The way is long for the participants of the Are Extreme Challenge. In the toughest class you first have to paddle 25 kilometres in white water and over an often very windy lake. Afterwards you have to quickly put on your trail running shoes and walk 17 kilometres over the 1,420 metre high Areskutan peak, parts of it are still snow-covered. On the other side of the mountain, the 30 kilometre long and technically demanding mountain bike trail awaits the participants, before they hopefully reach the finish line on the market square in the winter sports resort of Are after five to ten hours.
Multisport events are regarded as a near-natural alternative to classic triathlons. The Are Extreme Challenge in Sweden is one of the toughest and perhaps most beautiful races with an outdoor feeling. Although the event exists 20 years, it is hardly known internationally and is still something of an insider tip.
ISPO.com spoke to co-race director and environmental economist Scott Cole about the fascination of the event, which lies in more than pure physical performance. The 42-year-old Californian came to Sweden in 2007 to take part in the Are Extreme Challenge for the first time. He fell in love with the country and stayed. Five years later he won the race and became race director in 2016 alongside Henrik Weile from Denmark.
ISPO.com: Mr. Cole, the Are Extreme Challenge is a multisport event. What does your body say about the extreme strain?
The legs are already subjected to the most intensive strain, but also the shoulders from paddling - especially on the way to the first changing station when approaching against the wind. There's a big misunderstanding about paddling: Many people believe that you don't strain your legs when paddling, but if you have a good technique, your legs work very intensively when paddling. I suspect that 90 percent of the participants use only the arm and shoulder muscles and lose so much time.
I think I'm one of the 90 percent.
Well possible [laughs].
What is actually harder: to organise such a competition or to take part in it?
In fact, for me the organisation of the Are Extreme Challenge is ten times more strenuous than finishing it. As a participant it is quite clear what to do and you can focus on exactly what you want to do. But as race director you have 18 balls in the air at the same time and it is demanding to always meet all these requirements.
Being a race director forces you to trust others not only to do their job, but to do it well. As a participant, on the other hand, you are only dependent on yourself. It's you who has to perform. It's you who has to train. There's no one else to blame for anything.
What is so special about the Are Extreme Challenge?
What is special for me every year is the multi-facetted nature of the participants of the Are Extreme Challenge. On the one hand, there are the top athletes. For example, two Olympic gold medallists from Sweden have already taken part, as well as one of the best trail runners from Scandinavia and some top kayakers from Stockholm.
On the other hand - and this is the vast majority - there are the participants we lovingly and respectfully call "Weekend Warriors". People who are tired from the Monday to Friday routine and are looking for more adventures in their lives. They see the Are Extreme Challenge as an option to force themselves out of their comfort zone - for example, to paddle through rapids that would normally frighten them. After all, the Are Extreme Challenge is such a great event because it appeals to both: top athletes who reach the finish line in less than five hours and participants who need twice as much time.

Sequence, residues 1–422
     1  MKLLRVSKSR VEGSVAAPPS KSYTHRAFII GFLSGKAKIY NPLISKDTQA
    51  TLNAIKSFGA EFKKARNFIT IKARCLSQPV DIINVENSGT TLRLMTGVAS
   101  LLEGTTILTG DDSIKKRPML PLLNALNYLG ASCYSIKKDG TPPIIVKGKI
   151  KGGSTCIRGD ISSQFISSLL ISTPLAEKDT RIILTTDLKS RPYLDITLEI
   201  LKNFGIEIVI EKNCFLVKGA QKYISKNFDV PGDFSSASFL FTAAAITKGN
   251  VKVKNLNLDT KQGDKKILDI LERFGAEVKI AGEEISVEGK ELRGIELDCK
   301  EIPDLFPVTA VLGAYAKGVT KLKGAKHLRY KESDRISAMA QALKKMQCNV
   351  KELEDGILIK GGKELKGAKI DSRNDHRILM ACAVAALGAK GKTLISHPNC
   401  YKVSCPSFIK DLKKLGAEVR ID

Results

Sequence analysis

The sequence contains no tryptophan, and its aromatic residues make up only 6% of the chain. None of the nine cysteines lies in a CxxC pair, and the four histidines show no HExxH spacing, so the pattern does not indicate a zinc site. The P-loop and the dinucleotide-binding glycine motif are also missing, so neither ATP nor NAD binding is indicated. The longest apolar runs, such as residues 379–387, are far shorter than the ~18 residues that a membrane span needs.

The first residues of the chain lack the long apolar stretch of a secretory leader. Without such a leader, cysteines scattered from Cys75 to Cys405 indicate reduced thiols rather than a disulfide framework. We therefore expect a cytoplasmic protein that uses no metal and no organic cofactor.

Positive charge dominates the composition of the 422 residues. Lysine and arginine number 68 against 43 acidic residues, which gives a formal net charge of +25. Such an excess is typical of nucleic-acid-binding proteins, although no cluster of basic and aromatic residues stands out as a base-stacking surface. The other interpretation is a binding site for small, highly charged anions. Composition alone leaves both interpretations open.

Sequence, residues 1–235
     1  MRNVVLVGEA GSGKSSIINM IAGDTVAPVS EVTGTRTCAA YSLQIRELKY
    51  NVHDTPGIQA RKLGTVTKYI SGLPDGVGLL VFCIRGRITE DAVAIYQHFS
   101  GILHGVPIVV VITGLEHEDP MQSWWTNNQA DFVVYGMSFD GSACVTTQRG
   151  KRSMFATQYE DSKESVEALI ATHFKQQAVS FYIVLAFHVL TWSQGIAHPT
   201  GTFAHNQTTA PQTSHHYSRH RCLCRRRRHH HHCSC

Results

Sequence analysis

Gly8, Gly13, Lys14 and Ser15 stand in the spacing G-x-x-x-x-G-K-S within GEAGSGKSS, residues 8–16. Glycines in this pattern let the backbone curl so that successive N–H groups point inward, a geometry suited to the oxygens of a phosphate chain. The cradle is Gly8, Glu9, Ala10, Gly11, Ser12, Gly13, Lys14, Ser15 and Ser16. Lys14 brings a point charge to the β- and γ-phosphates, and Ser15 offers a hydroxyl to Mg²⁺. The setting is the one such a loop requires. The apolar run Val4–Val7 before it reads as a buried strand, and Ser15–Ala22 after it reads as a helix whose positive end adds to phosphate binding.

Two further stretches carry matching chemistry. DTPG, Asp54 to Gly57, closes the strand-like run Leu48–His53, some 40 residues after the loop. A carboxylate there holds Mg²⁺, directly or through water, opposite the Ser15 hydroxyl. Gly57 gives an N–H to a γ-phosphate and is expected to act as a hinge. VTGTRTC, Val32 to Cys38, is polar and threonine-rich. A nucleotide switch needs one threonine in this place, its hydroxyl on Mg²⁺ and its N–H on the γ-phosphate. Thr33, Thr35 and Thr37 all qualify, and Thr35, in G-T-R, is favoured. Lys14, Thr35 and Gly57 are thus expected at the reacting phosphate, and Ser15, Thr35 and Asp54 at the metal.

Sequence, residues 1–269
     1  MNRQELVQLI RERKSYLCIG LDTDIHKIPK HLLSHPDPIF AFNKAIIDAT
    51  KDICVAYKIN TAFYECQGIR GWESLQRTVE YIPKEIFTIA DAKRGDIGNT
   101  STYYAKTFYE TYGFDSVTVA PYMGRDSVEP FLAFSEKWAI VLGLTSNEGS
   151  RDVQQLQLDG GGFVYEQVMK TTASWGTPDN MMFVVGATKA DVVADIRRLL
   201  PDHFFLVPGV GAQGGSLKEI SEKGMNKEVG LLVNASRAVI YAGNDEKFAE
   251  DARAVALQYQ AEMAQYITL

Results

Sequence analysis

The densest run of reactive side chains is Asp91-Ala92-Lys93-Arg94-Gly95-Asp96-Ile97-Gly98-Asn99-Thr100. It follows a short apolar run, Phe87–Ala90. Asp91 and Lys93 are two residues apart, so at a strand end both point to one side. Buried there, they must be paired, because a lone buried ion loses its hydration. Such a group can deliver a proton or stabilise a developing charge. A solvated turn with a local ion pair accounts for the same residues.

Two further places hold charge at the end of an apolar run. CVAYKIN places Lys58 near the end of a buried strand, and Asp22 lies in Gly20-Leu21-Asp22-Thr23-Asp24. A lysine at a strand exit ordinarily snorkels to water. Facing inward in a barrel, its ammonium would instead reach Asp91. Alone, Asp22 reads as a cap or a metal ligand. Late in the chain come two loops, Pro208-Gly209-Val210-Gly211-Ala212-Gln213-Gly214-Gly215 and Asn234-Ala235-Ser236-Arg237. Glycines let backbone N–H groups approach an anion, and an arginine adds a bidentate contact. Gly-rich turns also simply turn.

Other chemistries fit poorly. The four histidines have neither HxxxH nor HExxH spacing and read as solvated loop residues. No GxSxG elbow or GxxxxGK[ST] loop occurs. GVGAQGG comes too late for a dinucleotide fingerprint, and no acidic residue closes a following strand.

Can you tell us more about the participants?
Of course. Classically, in recent years it has been mainly male mid-forties who have often been very successful in their jobs and are looking for new challenges or new inspiration. But the escape from urban space into nature - at least for a few days - is also an important motif. In addition, the number of female participants and female finishers has increased in the last two years, which of course makes us very happy.
Why should non-Scandinavians start the long journey to Are at least once in their lives?
It is worth it for the beautiful Swedish midsummer nights alone. I have been living here for more than ten years now and am still fascinated by the bright nights. But there is also a lot to do besides the race and the possibilities for subsequent outdoor activities are various - camping, hiking or fishing.
In recent years a lot of money has been invested in beautiful trails. So mountain bikers in and around Are should have a lot of fun. In addition, there is so much pure nature to discover. And indeed we are happy about every international participant, because the long journey is proof of a great passion for the sport and the region in which we live.
What will be new at the Are Extreme Challenge 2019?
We now have offers for companies that see competition as the basis for a joint company or departmental event. In addition, with Run 'n' Bike we have created a new category for those who cannot or do not want to kayak. In addition, our Kids Race will continue to grow.
It is important to us that we don't just address the overathletes who participate in the Are Extreme Challenge as individual starters. Therefore, we also have a relay category in which three participants divide the individual track elements among themselves. Or the duo class, in which you complete the race in pairs. And our participants are always happy to provide surprises or inspiring stories.
What do you mean?
Such beautiful things as wedding proposals on the finish line or a young mother who wanted to show with her participation that you don't have to bury all your sporting dreams and goals after a pregnancy. In the end, everyone comes and goes with their own personal story - that's the beauty of the Are Extreme Challenge.